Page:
Twenty-five years ago President Bill Clinton signed the CDFI Fund into law in an auditorium at the U.S. Department of Agriculture. The event was originally planned for the White House lawn but rain was forecast and the White House did not want a muddy celebration.
The Fund has been jet fuel for the CDFI industry, capitalizing remarkable growth, increasing industry reach, transforming how community development gets done, and making government work in new ways. As a result, CDFIs have reached new markets, served a constantly expanding range of people, and brought billions of dollars of flexible, affordable capital to under-resourced people and places.
The Fund has also had a moderating effect on CDFIs, rounding off some of the industry’s sharp edges and making CDFIs mainstream. A new generation of CDFIs and CDFI leaders navigate a financial, policy, and civic world that is different in many ways from those in 1994.
The CDFI Fund has been innovative, starting with its investment strategy and model going back to its beginning. It has expanded its ability to help the full range of CDFIs–and then some. Its role in New Markets Tax Credits, which came into being late in 2000, has been positive but not without controversy over its ability to ensure positive community development impacts. More recently, its part in implementing the Opportunity Zones program has muddied its waters–Opportunity Zones is a primarily a tax giveaway and not an effective community development program.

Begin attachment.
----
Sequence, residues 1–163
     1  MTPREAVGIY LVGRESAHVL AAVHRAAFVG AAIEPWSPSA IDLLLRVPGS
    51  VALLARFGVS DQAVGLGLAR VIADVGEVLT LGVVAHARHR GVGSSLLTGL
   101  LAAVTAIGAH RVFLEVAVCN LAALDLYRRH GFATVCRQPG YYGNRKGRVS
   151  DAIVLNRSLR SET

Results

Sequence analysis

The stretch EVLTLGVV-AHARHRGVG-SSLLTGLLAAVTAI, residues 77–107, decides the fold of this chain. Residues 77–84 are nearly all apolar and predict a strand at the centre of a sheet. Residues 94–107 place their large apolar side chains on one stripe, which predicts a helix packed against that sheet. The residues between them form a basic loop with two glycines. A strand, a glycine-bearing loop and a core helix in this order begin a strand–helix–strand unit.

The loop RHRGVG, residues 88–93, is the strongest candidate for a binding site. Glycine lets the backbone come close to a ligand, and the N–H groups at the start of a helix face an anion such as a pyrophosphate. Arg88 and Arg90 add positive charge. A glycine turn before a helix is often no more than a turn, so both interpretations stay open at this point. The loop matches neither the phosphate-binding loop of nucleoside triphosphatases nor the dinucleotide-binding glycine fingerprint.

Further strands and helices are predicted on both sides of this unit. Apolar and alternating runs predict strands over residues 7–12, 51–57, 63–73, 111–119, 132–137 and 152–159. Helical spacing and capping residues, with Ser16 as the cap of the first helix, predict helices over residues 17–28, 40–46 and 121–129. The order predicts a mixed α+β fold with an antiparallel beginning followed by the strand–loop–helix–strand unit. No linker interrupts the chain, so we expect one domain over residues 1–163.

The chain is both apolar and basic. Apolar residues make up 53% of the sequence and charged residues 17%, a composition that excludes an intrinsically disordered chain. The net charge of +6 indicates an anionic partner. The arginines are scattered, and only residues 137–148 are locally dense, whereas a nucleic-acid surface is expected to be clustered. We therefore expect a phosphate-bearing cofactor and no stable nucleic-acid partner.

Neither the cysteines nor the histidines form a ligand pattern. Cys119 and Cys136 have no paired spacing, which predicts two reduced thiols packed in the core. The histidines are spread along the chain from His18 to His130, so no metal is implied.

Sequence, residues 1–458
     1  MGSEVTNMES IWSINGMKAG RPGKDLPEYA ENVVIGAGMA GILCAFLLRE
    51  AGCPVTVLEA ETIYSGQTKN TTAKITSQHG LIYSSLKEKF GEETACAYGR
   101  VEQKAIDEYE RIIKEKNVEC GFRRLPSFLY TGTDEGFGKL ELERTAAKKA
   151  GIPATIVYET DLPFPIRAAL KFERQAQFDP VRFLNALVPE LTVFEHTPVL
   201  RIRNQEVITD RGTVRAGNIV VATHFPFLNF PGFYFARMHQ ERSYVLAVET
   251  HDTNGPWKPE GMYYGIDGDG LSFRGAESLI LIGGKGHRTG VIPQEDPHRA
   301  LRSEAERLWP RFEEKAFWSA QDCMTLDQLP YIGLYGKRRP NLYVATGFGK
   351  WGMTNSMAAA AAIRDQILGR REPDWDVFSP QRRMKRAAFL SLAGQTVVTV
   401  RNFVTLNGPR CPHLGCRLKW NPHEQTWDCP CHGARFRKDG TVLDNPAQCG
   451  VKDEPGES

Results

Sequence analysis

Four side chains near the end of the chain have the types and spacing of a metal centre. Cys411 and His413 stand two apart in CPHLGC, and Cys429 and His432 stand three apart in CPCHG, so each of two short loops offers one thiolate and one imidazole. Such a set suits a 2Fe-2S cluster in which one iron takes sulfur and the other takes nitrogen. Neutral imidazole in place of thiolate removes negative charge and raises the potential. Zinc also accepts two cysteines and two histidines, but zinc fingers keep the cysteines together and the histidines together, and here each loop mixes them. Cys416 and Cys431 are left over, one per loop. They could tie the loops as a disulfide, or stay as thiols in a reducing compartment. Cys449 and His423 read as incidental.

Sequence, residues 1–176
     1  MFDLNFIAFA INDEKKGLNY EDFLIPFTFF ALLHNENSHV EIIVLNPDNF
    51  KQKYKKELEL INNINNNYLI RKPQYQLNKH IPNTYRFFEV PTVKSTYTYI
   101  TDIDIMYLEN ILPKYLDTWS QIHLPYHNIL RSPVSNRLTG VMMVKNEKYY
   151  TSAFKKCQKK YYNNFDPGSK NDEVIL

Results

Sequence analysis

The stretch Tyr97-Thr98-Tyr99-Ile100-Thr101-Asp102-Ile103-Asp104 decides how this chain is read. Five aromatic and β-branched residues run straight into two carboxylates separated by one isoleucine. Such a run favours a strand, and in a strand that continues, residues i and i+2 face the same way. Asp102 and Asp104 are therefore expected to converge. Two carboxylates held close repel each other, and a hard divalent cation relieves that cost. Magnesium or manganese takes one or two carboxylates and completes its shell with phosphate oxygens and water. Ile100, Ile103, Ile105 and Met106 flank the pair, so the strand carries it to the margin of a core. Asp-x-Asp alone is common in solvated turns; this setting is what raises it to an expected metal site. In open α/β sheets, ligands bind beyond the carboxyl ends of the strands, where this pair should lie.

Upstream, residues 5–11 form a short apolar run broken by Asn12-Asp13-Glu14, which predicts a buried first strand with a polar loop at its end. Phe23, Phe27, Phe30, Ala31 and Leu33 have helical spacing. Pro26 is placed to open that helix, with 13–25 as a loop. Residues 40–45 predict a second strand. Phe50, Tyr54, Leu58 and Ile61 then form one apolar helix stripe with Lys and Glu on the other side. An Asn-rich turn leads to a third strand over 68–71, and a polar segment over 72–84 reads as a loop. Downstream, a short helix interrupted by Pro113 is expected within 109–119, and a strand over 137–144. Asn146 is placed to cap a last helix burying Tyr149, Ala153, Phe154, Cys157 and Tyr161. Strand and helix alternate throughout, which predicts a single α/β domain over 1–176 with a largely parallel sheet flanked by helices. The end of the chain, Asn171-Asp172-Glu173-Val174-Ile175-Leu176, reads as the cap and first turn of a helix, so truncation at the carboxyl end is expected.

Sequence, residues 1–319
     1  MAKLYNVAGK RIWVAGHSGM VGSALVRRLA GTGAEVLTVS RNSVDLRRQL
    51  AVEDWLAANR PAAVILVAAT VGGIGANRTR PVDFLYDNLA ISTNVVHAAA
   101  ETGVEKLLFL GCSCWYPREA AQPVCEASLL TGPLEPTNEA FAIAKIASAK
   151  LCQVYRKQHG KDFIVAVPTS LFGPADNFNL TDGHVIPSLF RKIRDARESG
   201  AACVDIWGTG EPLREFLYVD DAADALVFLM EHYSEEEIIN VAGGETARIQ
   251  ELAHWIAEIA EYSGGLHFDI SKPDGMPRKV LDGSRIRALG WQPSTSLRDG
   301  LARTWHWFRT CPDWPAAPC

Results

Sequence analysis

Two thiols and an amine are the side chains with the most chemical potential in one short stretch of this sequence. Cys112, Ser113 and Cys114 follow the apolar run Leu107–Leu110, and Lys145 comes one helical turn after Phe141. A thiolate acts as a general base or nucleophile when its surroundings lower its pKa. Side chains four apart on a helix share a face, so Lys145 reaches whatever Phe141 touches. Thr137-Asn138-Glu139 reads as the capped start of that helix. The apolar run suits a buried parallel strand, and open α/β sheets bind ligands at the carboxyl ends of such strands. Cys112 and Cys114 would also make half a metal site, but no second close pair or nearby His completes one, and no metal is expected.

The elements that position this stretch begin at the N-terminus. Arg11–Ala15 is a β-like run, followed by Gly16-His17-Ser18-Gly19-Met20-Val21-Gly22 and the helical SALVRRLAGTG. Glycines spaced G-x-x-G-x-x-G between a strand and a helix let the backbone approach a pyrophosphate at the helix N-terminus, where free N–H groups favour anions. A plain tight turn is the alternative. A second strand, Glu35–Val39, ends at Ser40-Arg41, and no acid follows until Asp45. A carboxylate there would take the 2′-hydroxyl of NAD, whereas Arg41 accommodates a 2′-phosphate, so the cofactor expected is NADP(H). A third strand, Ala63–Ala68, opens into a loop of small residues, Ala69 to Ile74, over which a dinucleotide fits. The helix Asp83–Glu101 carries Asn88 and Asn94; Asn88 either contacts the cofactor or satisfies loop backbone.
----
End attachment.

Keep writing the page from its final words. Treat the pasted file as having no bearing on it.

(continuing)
Retaining the mission focus of CDFIs is an ongoing challenge. With more resources, a larger CDFI industry, and a groundswell of change around the industry (impact investing, B corporations, socially responsible investing, and more), CDFIs face a challenge of keeping that focus while working with others to organize money for inclusive and sustainable outcomes.
I look forward to working with my CDFI friends and many others in years to come as we apply the leverage we can bring to bear on the financial and political system. I am getting ready to publish a new book on October 8th to launch a campaign to “organize” $1 trillion or more to those ends.
I invite you to join me at www.organizedmoney.org to learn more about Organized Money: How Progressives Can Leverage the Financial System to Work For Them, Not Against Them (The New Press). I co-authored the book with Keith Mestrich, President & CEO of Amalgamated Bank, the nation’s largest and oldest socially responsible bank. Together we will partner to use progressive “money muscle” in support of restorative capitalism.
Congratulations to everyone who made the CDFI Fund possible and successful!